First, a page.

“Data-intensive businesses are moving beyond big data into the realm of hyperscale data, which is exponentially greater. And that requires a reevaluation of data infrastructure. In 2023, data warehouse vendors are will develop new ways to build and expand systems and services.
It’s not just the overall volume of data that technologists must plan for, but also the burgeoning data sets and workloads to be processed. Some leading-edge IT organizations are now working with data sets that comprise billions and trillions of records. In 2023, we could even see data sets of a quadrillion rows in data-intensive industries such as adtech, telecommunications, and geospatial. Hyperscale data sets will become more common as organizations leverage increasing data volumes in near real-time from operations, customers, and on-the-move devices and objects.”
Matt Carroll, CEO and co-founder of Immuta, says 2023 will see the rise of data processing agreements (DPAs) and no-copy data exchanges.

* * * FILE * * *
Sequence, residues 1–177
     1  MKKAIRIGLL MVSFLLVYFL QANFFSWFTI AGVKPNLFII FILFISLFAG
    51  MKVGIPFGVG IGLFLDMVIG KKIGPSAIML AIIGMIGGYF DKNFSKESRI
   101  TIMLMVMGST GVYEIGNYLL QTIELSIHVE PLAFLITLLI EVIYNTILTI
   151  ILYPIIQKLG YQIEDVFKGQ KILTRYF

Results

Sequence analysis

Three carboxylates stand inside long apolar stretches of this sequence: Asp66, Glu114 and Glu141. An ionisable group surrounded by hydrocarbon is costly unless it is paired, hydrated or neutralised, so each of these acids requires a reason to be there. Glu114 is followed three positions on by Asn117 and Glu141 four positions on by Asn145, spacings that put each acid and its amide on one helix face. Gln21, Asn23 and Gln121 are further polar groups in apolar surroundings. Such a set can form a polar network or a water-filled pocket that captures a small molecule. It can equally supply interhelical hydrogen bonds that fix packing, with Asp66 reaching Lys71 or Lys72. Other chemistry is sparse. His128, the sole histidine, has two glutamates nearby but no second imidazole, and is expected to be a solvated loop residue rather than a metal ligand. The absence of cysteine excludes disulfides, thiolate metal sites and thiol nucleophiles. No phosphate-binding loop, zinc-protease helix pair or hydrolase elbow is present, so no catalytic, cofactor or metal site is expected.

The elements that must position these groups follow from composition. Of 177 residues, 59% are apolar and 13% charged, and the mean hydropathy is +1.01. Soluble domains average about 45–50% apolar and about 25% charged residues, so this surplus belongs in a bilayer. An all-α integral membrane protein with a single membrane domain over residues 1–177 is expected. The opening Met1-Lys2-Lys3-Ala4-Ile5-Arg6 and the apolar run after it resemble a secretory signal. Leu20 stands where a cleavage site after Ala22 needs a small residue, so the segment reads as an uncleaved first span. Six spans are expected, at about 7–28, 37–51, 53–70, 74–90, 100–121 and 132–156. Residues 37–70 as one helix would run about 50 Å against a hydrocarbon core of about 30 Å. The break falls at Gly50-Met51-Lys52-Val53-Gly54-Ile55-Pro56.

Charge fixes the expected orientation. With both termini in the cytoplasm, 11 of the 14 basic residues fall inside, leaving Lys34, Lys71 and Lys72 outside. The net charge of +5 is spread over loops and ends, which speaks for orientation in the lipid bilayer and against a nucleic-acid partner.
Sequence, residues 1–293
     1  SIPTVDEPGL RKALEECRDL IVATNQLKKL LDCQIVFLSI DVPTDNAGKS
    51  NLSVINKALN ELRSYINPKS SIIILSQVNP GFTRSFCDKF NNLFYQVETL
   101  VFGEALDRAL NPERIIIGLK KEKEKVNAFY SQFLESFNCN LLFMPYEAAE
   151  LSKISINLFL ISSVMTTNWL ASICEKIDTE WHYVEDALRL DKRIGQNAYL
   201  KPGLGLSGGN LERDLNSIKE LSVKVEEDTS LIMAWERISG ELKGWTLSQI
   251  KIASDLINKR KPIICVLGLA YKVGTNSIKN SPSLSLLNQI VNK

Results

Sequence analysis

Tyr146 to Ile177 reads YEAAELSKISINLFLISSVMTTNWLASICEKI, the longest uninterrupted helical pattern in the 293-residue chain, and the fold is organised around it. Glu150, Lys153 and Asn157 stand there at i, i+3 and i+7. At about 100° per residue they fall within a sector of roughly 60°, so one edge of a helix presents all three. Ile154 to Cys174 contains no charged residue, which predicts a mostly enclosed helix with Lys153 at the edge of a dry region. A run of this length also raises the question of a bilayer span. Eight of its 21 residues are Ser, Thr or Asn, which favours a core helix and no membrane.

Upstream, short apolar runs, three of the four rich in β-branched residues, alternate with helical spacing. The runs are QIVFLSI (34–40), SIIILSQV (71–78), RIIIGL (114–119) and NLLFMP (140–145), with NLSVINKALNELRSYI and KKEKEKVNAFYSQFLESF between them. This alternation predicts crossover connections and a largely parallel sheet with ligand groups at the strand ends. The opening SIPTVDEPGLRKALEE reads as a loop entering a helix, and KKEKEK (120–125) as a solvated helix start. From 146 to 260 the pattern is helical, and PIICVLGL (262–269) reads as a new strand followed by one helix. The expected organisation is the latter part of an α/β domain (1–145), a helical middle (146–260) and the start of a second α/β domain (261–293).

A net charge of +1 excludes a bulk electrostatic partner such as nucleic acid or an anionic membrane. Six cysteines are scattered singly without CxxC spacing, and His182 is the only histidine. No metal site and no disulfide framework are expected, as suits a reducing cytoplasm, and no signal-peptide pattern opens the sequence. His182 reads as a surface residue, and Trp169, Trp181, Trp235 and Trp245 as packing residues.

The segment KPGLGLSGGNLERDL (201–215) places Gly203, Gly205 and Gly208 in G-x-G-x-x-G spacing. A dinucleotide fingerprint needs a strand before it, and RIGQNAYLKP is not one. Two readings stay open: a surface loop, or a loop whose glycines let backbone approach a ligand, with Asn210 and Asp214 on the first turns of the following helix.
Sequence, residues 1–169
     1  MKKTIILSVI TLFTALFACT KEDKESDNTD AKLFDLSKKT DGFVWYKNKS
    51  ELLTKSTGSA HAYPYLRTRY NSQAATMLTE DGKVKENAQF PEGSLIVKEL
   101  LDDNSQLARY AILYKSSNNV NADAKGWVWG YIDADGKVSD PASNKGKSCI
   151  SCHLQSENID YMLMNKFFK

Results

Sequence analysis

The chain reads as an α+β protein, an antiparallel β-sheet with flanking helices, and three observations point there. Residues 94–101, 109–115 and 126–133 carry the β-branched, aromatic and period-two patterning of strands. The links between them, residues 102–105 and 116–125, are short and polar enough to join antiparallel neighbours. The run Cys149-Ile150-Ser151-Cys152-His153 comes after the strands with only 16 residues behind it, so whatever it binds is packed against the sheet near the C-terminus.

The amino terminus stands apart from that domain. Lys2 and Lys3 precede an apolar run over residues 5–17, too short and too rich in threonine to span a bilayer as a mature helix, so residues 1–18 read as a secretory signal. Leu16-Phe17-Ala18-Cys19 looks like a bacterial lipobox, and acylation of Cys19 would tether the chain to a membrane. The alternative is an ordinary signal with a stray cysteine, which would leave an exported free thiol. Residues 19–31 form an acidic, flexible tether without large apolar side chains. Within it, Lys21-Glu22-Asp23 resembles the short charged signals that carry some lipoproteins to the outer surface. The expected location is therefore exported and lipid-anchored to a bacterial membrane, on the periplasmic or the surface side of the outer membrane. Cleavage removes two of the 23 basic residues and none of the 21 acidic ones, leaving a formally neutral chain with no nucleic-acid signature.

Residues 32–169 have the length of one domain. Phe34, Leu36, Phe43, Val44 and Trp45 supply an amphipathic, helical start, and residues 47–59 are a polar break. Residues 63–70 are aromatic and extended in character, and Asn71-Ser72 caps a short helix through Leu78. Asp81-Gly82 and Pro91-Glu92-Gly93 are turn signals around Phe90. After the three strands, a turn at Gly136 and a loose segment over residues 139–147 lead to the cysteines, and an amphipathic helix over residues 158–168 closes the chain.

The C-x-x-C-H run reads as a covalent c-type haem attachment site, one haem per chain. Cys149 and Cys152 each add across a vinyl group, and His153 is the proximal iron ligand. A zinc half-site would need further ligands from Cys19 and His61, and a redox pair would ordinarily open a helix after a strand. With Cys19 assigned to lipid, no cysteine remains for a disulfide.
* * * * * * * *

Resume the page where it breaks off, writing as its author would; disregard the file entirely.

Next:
“In 2023, we’ll see DPAs become a standard element of SaaS contracts and data sharing negotiations. How organizations handle these contracts will fundamentally change how they architect data infrastructure and will define the business value of the data. As a result, it will be in data leaders’ best interest to fully embrace DPAs in 2023 and beyond. These lengthy documents will be complex, but the digitization of DPAs and the involvement of legal teams will make them far easier to understand and implement.